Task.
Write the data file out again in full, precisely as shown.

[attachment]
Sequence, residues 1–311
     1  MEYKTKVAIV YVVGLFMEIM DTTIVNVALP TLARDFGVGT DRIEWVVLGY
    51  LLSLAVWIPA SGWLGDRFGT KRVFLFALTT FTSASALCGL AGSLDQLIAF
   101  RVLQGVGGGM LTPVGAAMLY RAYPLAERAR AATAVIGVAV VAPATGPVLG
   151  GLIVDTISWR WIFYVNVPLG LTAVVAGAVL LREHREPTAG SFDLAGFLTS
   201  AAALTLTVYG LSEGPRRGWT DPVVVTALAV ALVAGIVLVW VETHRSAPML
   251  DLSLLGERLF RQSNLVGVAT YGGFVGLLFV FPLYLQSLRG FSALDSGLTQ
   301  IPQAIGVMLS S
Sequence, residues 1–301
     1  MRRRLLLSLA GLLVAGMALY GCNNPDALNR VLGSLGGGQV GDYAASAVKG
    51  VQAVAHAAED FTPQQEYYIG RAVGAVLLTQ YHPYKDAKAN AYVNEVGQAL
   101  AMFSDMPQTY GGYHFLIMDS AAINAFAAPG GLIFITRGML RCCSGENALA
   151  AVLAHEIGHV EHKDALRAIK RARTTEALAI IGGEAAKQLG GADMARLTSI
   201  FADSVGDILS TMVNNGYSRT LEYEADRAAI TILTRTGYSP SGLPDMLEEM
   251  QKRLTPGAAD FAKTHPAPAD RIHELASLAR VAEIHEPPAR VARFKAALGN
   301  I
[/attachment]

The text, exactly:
Sequence, residues 1–311
     1  MEYKTKVAIV YVVGLFMEIM DTTIVNVALP TLARDFGVGT DRIEWVVLGY
    51  LLSLAVWIPA SGWLGDRFGT KRVFLFALTT FTSASALCGL AGSLDQLIAF
   101  RVLQGVGGGM LTPVGAAMLY RAYPLAERAR AATAVIGVAV VAPATGPVLG
   151  GLIVDTISWR WIFYVNVPLG LTAVVAGAVL LREHREPTAG SFDLAGFLTS
   201  AAALTLTVYG LSEGPRRGWT DPVVVTALAV ALVAGIVLVW VETHRSAPML
   251  DLSLLGERLF RQSNLVGVAT YGGFVGLLFV FPLYLQSLRG FSALDSGLTQ
   301  IPQAIGVMLS S
Sequence, residues 1–301
     1  MRRRLLLSLA GLLVAGMALY GCNNPDALNR VLGSLGGGQV GDYAASAVKG
    51  VQAVAHAAED FTPQQEYYIG RAVGAVLLTQ YHPYKDAKAN AYVNEVGQAL
   101  AMFSDMPQTY GGYHFLIMDS AAINAFAAPG GLIFITRGML RCCSGENALA
   151  AVLAHEIGHV EHKDALRAIK RARTTEALAI IGGEAAKQLG GADMARLTSI
   201  FADSVGDILS TMVNNGYSRT LEYEADRAAI TILTRTGYSP SGLPDMLEEM
   251  QKRLTPGAAD FAKTHPAPAD RIHELASLAR VAEIHEPPAR VARFKAALGN
   301  I